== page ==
It is possible to easily, and reversibly, get the 532nm green output from the laser by unscrewing the knife edge after the harmonic separating prism (See the section on the frequency tripler). Simply remove the 2 small screws holding the piece of stainless steal right before the output aperture, and slide it out of the way. This does not affect the 355nm output at all, but lets a roughly 100mW 532nm green form, which exits the laser at about a 5 degree angle relative to the 355nm UV beam.
Additionally, you can remove the front panel from the laser by removing the 2 screws holding it to the front of the laser, which will allow the 1064nm residual beam to exit, which is approximately 120mW.
It is also possible to remove the harmonic separator prism completely, but it would be a little bit tricky to reinstall it and align it properly. This changes the 3 separate beams of about 100mW each into a single 300mW beam, which has 355nm, 532nm, and 1064nm all in one beam. As a side note, if you plan to use this laser for etching/burning, this would be an ideal mode because between the 3 wavelengths almost any material will absorb some light, and after the material begins to char all 3 of the wavelengths will be absorbed and you will have a solid 1/4watt of q-switched power available. Just make sure that you use an acromat for focusing, or you will only have one beam focused at a time.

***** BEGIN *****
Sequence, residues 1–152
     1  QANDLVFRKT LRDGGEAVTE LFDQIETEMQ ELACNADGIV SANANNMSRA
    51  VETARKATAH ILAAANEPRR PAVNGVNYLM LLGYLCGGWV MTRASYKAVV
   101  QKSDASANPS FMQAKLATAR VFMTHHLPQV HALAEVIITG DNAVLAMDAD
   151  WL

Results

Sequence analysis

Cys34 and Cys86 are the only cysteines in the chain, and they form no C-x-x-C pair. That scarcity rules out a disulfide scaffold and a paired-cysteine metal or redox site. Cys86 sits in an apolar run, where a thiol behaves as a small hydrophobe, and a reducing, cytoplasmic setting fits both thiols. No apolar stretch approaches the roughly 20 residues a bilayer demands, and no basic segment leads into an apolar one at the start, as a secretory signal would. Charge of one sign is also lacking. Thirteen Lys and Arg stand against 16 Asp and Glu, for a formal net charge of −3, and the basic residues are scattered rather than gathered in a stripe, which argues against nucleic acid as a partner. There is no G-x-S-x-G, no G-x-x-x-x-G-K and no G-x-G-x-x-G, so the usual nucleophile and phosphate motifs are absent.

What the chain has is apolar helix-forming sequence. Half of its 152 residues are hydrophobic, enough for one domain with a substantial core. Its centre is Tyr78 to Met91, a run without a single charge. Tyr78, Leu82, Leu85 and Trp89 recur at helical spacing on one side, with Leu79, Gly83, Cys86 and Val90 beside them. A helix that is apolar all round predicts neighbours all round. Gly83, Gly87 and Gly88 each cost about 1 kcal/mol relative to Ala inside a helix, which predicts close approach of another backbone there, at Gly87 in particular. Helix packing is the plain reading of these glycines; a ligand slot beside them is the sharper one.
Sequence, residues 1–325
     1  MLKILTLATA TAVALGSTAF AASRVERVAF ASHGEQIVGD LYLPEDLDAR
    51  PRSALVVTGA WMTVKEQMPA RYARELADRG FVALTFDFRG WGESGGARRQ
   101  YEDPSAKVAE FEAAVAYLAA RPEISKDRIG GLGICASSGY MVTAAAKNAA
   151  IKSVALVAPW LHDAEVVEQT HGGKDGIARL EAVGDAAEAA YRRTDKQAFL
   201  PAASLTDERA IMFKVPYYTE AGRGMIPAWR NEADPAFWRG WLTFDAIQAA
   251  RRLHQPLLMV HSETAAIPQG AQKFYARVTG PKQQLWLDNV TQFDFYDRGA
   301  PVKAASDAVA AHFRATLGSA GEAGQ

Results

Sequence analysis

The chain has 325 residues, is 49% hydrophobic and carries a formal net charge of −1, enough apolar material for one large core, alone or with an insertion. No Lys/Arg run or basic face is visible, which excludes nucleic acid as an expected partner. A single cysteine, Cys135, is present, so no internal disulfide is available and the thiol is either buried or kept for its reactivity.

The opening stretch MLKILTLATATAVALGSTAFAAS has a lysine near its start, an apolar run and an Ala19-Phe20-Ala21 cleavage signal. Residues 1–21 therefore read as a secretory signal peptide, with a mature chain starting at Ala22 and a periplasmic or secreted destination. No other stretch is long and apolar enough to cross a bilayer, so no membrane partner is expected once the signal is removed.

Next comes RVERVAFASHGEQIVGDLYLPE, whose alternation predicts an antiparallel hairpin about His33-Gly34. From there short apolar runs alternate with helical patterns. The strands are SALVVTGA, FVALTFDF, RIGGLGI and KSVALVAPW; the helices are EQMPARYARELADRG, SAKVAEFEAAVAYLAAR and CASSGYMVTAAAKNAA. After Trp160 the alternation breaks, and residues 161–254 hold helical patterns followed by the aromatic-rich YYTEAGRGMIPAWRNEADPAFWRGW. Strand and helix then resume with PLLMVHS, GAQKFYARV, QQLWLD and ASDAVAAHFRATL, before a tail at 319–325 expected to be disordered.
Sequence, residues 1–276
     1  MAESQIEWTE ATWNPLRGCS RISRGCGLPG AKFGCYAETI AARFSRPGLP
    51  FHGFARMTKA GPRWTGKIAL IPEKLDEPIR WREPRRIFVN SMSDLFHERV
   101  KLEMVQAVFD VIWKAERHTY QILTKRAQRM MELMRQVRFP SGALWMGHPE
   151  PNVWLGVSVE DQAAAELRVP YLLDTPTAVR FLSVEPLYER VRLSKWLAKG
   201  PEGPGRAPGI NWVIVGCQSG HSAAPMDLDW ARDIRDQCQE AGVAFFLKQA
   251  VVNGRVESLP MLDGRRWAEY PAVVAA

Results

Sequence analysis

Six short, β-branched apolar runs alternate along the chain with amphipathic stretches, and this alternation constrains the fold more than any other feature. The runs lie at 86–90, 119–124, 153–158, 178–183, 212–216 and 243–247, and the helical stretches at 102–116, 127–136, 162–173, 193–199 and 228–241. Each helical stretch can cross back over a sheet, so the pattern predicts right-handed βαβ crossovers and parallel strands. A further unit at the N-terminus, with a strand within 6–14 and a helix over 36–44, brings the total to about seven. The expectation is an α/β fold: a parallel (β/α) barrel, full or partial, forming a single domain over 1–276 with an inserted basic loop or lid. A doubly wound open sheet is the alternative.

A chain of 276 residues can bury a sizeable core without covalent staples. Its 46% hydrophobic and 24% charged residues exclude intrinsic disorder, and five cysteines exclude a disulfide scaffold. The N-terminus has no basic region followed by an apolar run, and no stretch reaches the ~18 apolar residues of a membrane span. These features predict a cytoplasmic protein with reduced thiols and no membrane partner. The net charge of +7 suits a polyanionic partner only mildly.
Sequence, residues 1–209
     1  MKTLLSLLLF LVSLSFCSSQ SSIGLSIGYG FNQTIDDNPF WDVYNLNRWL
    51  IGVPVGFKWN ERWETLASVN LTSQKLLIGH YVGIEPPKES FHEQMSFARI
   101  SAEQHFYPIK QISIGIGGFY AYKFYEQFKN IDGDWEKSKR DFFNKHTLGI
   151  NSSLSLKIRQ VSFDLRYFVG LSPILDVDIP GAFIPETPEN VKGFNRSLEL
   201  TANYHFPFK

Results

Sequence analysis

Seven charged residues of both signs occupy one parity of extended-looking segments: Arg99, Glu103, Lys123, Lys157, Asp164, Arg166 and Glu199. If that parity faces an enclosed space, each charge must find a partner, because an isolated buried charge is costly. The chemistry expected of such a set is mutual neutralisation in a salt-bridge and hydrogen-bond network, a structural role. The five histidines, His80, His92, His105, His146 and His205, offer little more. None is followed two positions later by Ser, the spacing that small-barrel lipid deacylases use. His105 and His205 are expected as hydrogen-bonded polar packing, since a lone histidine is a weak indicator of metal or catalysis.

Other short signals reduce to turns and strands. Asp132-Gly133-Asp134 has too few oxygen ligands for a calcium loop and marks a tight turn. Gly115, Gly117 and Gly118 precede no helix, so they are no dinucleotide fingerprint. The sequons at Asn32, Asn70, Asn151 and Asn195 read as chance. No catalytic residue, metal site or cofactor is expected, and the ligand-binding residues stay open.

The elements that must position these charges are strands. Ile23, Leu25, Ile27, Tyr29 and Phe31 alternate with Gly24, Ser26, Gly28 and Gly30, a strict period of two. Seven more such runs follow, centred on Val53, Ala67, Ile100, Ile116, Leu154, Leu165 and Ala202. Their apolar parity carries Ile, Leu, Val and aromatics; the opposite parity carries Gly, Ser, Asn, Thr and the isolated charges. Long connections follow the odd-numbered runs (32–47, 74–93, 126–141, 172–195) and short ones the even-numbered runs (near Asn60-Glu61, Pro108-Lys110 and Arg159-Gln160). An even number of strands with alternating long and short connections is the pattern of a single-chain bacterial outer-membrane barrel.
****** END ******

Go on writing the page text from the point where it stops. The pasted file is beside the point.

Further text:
One last experiment you might try is disconnecting the q-switch, and replacing it with a 50ohm dummy load (make sure it is sized to handle a few watts of power at 100MHz) to keep the driver happy, which will cause the laser to run continuously instead of pulsed. I did not measure the power operating in this mode, but it is much lower, and very little 355nm is produced, however there is a considerable amount of 1064nm.
A final modification that could be made in the search for higher powers is to remove the 1064nm laser module, and using the output of the 808nm pump module directly. This would be a fairly complicated process, you would need to remove the 1064nm laser module and empty frequency tripler module, and convince the power supply to run with the q-switch and temperature monitors for the removed modules--which I have a feeling would involve cutting some traces. Alternatively, you could run the diodes off of pair of good current mode supplies, which would also let you run them at higher powers that the supply is set to. Furthermore, the output from the 808nm pump diodes will be a very poor quality laser beam (because the 808nm diodes are multimode), and would not have any of the desirable characteristics that the 1064nm laser head produces (pulsed output, better beam quality). Unless your laser is very sick, I would recommend buying a different laser if you want raw 808nm output.